"Is it a fault in your eyes," [Chava] said, "that a person works with his hands? Don't you yourself work? And don't we work?"
"Yes, yes, you're right. We have a special verse in the Bible: For thou shall eat the labor of thy hands—if you don't work, you won't eat. But still and all […] you mustn't forget whence you come and whither you go—who you are and who he is."
"God created all people equal," she said to me.
"Yes, yes, God created Adam in His own image," I said. "But you mustn't forget that everyone must seek his own, as it says, To every man as he is able."
"Amazing!" she said. "You have a quotation for everything! Maybe you can find about how people separated themselves into Jews and Gentiles, into masters and slaves, into landowners and beggars?"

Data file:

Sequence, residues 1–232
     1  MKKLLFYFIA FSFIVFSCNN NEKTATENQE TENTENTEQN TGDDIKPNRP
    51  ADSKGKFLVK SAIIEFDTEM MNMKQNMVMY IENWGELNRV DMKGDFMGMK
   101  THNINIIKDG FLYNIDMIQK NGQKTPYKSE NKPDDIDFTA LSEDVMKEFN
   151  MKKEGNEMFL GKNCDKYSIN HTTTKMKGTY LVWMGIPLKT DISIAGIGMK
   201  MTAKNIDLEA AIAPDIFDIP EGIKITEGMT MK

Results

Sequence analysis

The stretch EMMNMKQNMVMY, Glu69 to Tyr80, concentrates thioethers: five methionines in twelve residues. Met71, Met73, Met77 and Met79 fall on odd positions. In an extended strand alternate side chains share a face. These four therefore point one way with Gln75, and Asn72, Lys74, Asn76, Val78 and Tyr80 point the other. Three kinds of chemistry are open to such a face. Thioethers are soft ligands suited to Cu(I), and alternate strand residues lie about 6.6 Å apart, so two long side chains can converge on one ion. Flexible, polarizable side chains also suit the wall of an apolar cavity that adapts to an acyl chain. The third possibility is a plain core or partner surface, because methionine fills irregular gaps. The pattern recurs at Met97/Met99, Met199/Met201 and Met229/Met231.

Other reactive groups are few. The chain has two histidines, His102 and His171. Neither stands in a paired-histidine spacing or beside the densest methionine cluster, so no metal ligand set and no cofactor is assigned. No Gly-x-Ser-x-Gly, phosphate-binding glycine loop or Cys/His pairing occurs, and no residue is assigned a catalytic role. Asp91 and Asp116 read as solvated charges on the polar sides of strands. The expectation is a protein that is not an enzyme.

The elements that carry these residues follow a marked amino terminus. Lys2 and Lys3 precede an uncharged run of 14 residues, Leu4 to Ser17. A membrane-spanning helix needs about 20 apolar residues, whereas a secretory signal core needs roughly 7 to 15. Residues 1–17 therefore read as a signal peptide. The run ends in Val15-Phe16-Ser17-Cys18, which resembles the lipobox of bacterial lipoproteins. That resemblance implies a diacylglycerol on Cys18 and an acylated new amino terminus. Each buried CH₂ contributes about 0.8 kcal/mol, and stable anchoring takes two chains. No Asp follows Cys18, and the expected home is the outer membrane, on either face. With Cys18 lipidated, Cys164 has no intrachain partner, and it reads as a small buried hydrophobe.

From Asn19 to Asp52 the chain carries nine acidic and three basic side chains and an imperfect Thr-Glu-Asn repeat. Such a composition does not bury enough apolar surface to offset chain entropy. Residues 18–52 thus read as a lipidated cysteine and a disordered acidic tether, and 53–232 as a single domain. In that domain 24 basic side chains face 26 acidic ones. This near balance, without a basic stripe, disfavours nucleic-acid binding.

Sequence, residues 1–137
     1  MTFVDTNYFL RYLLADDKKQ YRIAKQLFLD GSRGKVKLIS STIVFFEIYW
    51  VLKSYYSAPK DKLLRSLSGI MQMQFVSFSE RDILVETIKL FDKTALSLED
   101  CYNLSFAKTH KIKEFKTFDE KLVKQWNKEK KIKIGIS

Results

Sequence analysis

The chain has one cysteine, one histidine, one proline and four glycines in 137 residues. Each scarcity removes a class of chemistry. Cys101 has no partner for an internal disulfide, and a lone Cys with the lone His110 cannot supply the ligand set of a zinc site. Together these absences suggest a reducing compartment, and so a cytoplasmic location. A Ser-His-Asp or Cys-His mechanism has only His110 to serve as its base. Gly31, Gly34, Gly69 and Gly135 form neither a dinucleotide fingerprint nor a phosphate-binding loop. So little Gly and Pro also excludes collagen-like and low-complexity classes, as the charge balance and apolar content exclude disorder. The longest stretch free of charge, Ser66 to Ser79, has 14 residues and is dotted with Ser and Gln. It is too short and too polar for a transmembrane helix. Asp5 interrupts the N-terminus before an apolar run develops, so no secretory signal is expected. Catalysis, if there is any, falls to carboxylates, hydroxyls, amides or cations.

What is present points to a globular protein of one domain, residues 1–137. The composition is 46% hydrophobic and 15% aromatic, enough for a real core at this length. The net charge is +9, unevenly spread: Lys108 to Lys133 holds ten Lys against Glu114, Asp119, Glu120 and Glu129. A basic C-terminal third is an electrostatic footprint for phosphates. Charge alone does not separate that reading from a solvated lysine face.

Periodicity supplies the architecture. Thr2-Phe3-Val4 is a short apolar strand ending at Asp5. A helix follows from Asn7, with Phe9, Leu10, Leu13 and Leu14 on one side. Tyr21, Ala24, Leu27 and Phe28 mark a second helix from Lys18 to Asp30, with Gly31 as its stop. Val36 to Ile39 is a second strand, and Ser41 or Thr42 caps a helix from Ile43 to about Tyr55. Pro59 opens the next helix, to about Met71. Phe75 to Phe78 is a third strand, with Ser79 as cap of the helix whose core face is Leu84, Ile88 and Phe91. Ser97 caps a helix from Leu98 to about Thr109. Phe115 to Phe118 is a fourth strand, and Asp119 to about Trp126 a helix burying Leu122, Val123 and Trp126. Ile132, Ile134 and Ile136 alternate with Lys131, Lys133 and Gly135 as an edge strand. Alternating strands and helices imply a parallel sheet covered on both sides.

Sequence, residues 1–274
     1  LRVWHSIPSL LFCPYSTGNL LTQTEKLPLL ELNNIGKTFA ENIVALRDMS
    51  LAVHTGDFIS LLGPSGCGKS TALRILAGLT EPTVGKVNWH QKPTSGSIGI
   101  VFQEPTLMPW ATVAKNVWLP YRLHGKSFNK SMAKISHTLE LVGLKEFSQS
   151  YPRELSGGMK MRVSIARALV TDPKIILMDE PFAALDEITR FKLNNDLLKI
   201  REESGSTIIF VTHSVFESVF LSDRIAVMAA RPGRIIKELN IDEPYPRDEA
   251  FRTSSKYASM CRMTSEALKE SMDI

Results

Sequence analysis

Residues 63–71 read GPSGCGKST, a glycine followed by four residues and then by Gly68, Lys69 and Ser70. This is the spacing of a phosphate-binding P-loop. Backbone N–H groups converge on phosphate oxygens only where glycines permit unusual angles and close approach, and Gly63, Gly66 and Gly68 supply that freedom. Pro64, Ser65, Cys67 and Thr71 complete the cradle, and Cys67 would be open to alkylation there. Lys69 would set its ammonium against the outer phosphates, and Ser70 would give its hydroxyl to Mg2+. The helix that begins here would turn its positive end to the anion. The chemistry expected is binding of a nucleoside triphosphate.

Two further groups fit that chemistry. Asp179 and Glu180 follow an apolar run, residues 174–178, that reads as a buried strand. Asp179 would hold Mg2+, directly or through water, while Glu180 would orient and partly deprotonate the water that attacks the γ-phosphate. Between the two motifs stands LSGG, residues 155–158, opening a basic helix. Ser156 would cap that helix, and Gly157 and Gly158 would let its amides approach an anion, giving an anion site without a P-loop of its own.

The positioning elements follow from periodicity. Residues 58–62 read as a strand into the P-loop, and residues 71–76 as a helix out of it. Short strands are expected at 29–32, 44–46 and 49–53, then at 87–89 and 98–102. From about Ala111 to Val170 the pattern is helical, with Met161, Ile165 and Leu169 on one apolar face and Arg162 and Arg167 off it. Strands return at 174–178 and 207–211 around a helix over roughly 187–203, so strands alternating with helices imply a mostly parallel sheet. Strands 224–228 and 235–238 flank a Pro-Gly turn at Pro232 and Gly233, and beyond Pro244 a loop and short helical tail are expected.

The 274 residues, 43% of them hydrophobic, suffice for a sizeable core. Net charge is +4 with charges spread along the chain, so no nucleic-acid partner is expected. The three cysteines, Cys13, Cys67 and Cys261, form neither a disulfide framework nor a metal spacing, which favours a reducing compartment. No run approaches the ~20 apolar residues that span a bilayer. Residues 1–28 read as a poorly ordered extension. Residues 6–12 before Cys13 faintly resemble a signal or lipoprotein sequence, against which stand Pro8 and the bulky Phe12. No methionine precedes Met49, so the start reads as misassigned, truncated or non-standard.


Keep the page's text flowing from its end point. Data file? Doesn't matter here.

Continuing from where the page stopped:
[…] I gave her to understand that the world had been that way since the Creation.
"Why should the world be like that? […] Why did He create it like that? […] That's why God gave us reason, so we could ask questions."
"We have a custom that when a hen begins to crow like a rooster, you should take it immediately to the slaughterer." (6.23-34)
Check it out: Tevye and Chava are using an aspect of religion to boost the argument, but in really different ways. Tevye is all trees and no forest—he's plucking out phrases here and there, and some of them don't even have anything to do with what he's talking about (um, "to every man as he is able" is about fairness, not us-vs.-them mentality). Meanwhile, Chava can't quote, but she's using the big-picture themes of the Torah to buttress her argument. And then when Tevye's had enough, and she's talked him into a corner, he shuts it down with a pretty brutally sexist image—a female that talks the talk of a male getting killed. Nice one, dad.